It is easy to see from Fourie’s tech and business choices that is a techie at heart, where the desire to build great products comes first.

Why do you think Poynting succeeded where many other tech startups failed?

People like to attribute success on planning and failure on bad luck, but I think 60% of the reason for Poynting’s success was luck. It did, however, require effort, passion, dedication and persistence far beyond what the entrepreneurial team imagined at the outset to overcome the remaining 40%.

What would you say are the top skills that are needed to be a successful tech entrepreneur in South Africa?

I think you mainly need vision, “fearlessness”, belief, and persistence to start a business and stay motivated. This is necessary but entirely insufficient, so realise and admit that 90% of the skills you need to come from partners and employees.

So rapidly appoint people who know more than you in their areas and learn from them and support them. Remember that despite your inflated ego these people know more than you, so try refrain from telling them how to do their jobs.

What was your first ever business?

At age 15 I inherited a small amount – I think around R2000 – and used this to buy discarded Hi-Fi units and components at a weekly auction in Krugersdorp. I “fixed” these mainly by fiddling, since I had no actual electrical knowledge. I then advertised these in Star Classifieds and sold them.

What was your first job and what was your salary?

My first job as a WITS junior research officer and was paid around R1,500 per month. It would be equivalent to around R6000 per month now, which means it was little but livable.

How did you get into the tech field?

My passion was languages and science, and a clever career advisor pointed out that engineers end up earning more than writers or journalists.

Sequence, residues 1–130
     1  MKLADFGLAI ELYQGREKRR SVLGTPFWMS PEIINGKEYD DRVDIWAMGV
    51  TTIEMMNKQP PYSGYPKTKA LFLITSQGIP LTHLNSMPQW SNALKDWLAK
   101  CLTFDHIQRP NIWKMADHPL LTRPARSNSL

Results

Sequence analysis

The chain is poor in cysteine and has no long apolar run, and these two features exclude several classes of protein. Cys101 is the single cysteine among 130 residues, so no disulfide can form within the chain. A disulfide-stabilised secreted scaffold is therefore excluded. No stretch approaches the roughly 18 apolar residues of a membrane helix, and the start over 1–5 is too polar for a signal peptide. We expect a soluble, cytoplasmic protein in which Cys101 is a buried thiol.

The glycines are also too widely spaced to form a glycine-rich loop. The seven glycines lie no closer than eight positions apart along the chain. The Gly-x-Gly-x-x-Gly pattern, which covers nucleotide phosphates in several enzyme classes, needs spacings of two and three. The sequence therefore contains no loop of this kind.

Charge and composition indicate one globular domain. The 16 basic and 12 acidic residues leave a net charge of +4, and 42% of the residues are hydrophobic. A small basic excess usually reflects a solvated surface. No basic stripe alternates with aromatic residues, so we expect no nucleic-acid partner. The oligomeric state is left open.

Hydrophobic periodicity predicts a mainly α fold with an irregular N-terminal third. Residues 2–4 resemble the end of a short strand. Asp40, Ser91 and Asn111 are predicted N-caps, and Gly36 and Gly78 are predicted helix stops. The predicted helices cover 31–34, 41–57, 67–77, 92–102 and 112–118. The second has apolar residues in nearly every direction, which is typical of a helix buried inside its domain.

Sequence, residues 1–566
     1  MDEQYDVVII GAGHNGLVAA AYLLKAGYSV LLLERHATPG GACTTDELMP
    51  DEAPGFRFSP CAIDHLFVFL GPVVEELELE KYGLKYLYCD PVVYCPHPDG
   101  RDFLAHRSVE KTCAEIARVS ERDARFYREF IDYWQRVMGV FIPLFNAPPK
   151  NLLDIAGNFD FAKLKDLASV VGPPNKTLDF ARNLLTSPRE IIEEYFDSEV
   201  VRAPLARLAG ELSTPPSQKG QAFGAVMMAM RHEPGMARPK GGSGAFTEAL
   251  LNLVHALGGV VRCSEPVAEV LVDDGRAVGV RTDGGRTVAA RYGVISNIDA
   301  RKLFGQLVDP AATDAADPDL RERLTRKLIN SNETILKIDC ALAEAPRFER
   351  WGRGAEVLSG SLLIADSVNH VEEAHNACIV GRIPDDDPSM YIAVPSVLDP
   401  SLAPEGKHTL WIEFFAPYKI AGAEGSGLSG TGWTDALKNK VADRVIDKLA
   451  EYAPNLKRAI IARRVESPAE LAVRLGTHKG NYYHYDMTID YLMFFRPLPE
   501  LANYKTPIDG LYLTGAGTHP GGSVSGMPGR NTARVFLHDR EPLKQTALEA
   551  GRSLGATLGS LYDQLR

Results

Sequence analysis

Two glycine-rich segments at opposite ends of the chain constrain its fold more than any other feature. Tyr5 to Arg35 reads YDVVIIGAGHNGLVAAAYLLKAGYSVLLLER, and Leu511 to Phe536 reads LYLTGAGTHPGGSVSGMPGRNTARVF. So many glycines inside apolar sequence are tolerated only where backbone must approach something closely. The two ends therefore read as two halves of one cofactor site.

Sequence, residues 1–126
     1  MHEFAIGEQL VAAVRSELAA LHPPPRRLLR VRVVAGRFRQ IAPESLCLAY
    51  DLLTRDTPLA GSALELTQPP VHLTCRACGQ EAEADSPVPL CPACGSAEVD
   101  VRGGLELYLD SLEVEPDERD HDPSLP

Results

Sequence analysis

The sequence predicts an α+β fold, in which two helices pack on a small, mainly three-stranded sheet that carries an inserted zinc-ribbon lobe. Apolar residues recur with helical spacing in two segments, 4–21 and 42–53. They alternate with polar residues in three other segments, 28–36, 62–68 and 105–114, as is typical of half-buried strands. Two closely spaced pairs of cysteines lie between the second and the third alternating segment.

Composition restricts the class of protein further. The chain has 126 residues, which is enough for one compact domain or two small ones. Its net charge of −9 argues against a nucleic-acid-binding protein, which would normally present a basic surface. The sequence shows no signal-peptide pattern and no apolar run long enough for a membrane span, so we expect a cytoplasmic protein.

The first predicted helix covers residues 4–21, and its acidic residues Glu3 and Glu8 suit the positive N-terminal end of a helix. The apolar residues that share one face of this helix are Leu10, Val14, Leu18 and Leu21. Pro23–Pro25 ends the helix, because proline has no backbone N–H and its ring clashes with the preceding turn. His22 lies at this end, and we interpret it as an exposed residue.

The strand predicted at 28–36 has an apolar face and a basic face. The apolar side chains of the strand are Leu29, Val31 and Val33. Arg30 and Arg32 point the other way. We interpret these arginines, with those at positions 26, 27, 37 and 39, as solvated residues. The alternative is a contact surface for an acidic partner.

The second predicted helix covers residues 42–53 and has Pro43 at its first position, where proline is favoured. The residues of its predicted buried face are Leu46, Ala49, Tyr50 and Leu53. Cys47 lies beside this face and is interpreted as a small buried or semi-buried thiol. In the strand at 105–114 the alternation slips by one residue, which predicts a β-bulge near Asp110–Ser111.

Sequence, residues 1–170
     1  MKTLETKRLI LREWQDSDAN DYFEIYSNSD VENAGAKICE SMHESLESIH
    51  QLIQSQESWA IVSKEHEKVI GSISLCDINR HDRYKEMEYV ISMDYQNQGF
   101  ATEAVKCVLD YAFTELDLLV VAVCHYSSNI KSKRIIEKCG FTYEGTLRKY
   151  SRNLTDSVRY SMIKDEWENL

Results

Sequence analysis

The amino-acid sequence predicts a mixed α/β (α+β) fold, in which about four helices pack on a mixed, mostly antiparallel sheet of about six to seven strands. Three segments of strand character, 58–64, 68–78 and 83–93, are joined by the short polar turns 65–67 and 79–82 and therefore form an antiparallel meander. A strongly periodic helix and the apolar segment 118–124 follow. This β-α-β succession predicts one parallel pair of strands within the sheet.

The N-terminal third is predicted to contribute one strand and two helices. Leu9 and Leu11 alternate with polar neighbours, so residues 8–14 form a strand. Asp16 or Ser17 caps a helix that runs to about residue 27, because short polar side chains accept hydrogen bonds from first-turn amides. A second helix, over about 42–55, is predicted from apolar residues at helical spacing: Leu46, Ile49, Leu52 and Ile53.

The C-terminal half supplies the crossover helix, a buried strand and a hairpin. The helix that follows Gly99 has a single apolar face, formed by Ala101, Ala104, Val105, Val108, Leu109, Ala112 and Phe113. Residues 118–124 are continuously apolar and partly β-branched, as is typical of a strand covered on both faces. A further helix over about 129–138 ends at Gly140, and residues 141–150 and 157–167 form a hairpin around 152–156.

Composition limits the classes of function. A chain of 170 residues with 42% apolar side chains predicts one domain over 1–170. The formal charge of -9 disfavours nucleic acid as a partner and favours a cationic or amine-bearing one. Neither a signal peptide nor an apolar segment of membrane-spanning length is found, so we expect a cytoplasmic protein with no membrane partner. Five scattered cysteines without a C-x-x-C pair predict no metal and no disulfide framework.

What laptop do you use?

Samsung Core i7.

What smartphone do you use?

Samsung Galaxy S8.

What is the best gadget you have ever bought?

A radio-controlled helicopter – it is massive fun!

What is the worst gadget you have ever bought?

A radio-controlled helicopter. It breaks spectacularly when crashing, requires tons of time and effort fixing and to add injury to insult, the blades inflicted cuts requiring 29 stitches to repair.

What was your best-ever investment?

Raising, educating and providing interesting and stimulating experiences to 3 beautiful daughters aged 22, 20 and 19. Two of them are studying engineering and the middle one is a commercial pilot and trainer at a flight school.

What was your worst-ever investment?

A guesthouse in Houghton which failed, was rented out and turned into the first female brothel in Johannesburg by a bunch of thugs who didn’t pay rent and were difficult to evict.

What is the best business advice you have ever received?

Make the vision of the business exciting and not purely to make money – ours is “Making Wireless Happen”. That inspires all of us in the company much more than “making more money” and if we succeed I always believe financial success will follow.

It also means that I am not despondent when comparing against other businesses which make more money. We are entirely happy because we love what we do.

Now read: How Teraco was started, and how long it took to make its first R10 million

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The propeller head who built a R450-million company